With the engine running how much blow by or venting is there from the rocker cover if the oil filler cap is removed.

Not the listing I had in mind but not a bad option if you have to swap out your old donk.

 

https://www.trademe....da2562eb41098e4QCtdtQ3.jpg


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#47 wheels

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Posted 09 March 2018 - 04:56 PM

You are all getting way to far ahead of yourselves. I doubt very much there is a problem with the engine that it needs replacing or overhaul.


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#48 Priscilla II

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Posted 09 March 2018 - 06:26 PM

It’s just a helpful option if required.
Best have somebody who knows what they are talking about actually look at the engine.
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#49 John B

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Posted 10 March 2018 - 07:02 AM

Check the exhaust mixer/elbow.
They only last 5 or 7 years on many motors.
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#50 wheels

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Posted 10 March 2018 - 07:32 AM

While it is possible the elbow is blocked, that is a secondary fault. This would not cause the overly excessive fuel use.
Diesels are simple beasts. While the intimate workings can be complex, the actual Suck, Bang, Blow part is simple. Fault finding is logical and much of the tell tales of a badly working engine can be seen it's smoke.

So if we apply the above, then we have the following.
Overly excessive Fuel consumption.
Oil level rising in sump, smells of Diesel fuel.
No excessive smoke from the exhaust.
Soot on the Transom.
Engine seems to start OK, run OK.

So using that info, we can assume the engine is in reasonable shape. Diesels have one major issue when they have compression problems. They become very hard to start. Diesel also have a tell tale that help identify many issues. They smoke and the smoke colour will identify the kind of fault. In this case, there has been no obvious report of smoke.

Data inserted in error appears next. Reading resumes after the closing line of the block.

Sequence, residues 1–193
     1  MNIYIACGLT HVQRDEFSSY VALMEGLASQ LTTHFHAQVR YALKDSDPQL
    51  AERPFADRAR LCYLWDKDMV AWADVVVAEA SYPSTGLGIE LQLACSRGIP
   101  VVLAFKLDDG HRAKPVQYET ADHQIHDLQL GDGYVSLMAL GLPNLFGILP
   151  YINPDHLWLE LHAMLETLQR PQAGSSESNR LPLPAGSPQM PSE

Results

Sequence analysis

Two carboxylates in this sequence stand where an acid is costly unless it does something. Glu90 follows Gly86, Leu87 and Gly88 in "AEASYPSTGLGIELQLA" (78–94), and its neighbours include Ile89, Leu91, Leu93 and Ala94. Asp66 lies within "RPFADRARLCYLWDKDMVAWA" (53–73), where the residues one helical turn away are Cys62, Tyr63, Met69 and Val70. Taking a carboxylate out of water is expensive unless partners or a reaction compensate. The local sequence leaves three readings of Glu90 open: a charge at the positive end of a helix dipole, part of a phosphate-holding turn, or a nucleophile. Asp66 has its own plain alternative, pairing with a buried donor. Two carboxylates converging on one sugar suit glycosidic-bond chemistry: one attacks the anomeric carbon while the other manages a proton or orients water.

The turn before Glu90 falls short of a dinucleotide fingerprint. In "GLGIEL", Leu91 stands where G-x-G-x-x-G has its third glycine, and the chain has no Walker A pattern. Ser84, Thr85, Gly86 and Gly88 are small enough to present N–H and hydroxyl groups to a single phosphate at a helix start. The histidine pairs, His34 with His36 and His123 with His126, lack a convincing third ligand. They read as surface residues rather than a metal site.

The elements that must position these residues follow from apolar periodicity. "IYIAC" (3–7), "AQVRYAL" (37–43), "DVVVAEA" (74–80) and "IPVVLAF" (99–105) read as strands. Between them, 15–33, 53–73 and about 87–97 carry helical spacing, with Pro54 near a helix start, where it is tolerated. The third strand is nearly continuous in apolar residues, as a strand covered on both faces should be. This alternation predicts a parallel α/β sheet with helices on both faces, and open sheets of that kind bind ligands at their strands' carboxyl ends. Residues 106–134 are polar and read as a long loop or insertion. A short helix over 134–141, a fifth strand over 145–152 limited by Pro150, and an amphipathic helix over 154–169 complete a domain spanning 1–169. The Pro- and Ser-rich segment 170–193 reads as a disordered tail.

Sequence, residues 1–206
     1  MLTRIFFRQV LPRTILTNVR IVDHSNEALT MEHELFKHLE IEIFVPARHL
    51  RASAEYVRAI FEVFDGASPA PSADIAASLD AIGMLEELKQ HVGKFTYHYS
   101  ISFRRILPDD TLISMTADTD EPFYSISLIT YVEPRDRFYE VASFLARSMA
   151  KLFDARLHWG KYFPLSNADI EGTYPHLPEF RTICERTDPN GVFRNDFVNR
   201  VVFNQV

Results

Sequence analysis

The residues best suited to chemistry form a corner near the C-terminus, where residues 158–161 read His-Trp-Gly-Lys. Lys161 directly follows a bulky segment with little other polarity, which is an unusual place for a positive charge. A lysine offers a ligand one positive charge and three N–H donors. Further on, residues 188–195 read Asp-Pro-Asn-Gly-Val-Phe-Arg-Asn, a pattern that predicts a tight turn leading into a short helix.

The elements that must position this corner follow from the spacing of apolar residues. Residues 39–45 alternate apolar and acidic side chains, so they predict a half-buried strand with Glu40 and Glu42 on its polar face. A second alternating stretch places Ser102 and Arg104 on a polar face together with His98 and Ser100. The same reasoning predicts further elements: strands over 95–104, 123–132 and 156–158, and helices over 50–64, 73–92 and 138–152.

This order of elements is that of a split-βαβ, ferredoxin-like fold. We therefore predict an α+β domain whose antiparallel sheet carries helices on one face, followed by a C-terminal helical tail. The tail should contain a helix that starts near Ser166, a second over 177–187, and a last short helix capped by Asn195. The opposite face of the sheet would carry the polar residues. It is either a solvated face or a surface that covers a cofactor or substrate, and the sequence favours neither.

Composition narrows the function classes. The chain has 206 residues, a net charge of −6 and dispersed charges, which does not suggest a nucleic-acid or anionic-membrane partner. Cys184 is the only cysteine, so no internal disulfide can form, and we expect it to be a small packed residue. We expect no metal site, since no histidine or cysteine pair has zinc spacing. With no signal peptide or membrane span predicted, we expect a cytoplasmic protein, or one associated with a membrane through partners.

All Diesels, especially the older ones, tend to dirty up the hull around the exhaust. So unless a major change from normal has occurred, we can likely rule that part out.
       That leaves the one an only other place the Fuel can get into the Sump. The Fuel lift pump. When the diaphragm fails, they tend to get a tiny wee pin hole on the rubber. The pump is pushing the fuel to the IP at about 3PSI. That is enough to push fuel pas the rubber and through the otherside of the Pump. the other side has a finger that runs against the Cam and that is all within the internals of the engine. So the Fuel drips straight into the Sump. If the Fuel tank is situated above the Lift pump, then the fuel can continue to drip in even when the engine is not running.
    So that leaves us with the conclusion of a failure in a fairly easy to get at and check item. It would be the first thing worth looking at. After that, the possible faults start becoming rather complex. It is always best to check the easiest most logical faults first.
   Now in saying all that, John B is correct that exhaust elbows are a common failure area. It is often not a silly idea to check that area as part of normal maintenance routine. Say once ever couple of years depending on Engine hrs.